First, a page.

Westwood’s hard work paying dividends

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iol spt nov3 Lee W REUTERS Lee Westwood said his hard work to rid himself of the putting blues may finally be paying off after he found a perfect touch to snatch the joint lead at the WGC-HSBC Champions.

Lee Westwood said his hard work to rid himself of the putting blues may finally be paying off after he found a perfect touch to snatch the joint lead at the WGC-HSBC Champions on Saturday.

The former world number one was in electric form at southern China's Mission Hills as he shot 11-under-par 61, matching his lowest round on the European Tour, helped by the timely return of his hot putter.

Westwood, 39, holed putts from 30 feet, 20 feet and two from 15 feet on the back nine to catch Louis Oosthuizen at the top of the leaderboard -- after also carding a 61 at the World Golf Final in Turkey, where he reached the final.

Together with his performance in Europe's Ryder Cup victory, recent weeks have seen a surge by the Englishman who sacked his long-time coach Pete Cowen in August after missing the PGA Championship cut, his 59th Major without a win.

“Over the last month, month-and-a-half, I've been working hard on my putting and I've started to see a few more go in,” Westwood said.

“But today I felt really confident on the greens and actually looked at 20-footers thinking, yeah, I'm going to make this one.”

Westwood now has a shot at his 11th win in Asia and his second on the European Tour this year -- and the biggest pay-day of his career, with $1.2 million going to the winner.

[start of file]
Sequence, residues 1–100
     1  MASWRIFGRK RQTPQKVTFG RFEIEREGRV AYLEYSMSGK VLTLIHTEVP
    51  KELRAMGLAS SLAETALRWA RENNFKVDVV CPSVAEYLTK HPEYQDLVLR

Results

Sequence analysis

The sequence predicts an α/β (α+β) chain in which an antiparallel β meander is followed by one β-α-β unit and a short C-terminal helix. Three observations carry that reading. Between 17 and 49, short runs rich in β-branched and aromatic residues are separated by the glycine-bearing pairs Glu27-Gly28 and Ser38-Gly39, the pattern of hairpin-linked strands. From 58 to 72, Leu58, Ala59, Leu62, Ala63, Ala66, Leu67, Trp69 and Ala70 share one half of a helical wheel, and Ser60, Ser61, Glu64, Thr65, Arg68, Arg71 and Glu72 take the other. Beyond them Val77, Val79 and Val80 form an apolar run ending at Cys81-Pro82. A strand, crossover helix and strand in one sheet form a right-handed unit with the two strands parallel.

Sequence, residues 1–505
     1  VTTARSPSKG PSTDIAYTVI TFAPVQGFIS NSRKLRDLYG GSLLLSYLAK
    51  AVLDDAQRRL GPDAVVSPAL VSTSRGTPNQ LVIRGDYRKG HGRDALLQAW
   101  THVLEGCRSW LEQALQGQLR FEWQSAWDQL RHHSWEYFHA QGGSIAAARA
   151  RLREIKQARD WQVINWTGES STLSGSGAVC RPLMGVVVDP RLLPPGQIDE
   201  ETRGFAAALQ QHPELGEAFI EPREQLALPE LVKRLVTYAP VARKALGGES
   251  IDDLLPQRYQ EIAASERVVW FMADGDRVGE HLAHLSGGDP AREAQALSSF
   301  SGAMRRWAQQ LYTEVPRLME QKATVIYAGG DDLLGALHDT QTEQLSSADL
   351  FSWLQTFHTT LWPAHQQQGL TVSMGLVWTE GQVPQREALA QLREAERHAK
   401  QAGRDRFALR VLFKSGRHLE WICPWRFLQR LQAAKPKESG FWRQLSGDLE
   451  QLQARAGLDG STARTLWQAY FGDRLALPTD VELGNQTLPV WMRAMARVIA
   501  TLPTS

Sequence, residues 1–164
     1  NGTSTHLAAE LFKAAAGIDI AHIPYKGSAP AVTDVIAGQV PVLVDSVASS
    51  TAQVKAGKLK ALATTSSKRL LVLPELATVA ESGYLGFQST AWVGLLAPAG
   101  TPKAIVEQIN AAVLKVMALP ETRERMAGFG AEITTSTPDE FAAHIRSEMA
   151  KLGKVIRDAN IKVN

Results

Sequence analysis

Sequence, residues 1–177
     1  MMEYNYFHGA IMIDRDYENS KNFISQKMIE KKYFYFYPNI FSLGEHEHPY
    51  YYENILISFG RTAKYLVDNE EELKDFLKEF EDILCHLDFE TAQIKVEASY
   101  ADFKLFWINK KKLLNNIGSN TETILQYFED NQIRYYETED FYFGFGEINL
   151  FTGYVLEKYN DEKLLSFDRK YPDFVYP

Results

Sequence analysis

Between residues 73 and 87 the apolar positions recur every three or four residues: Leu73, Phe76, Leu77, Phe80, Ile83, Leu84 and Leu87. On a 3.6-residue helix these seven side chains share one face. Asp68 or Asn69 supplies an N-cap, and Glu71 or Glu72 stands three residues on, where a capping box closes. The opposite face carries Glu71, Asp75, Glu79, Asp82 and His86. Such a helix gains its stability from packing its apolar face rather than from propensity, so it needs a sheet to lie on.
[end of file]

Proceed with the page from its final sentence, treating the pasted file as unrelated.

“I'm starting to hit the ball where I need to hit it. So it's easier to judge which way the ball is going to break and what speed the ball is going to come off the putter,” he said.

“I've been hitting it out of the toe a lot and that puts a bit of spin on it and it's difficult to get a true roll. Now I'm starting to get true roll. I've never had any problems lining up, it's just a case of picking the right line.”

Westwood also hopes his impending move to the warmer climate of Florida would cure his bad habit of starting seasons slowly. He tends to finish strongly and has enjoyed four wins in Asia in the past two seasons.

“Quite a few tournament victories have been in Asia, and it's generally pretty hot here and it was quite steamy out there today,” he said. “Obviously the conditions suit me.

“Other than that, I don't really know the reason for playing well,” he added. “Must be the nasi goreng or rice or something like that.” – AFP


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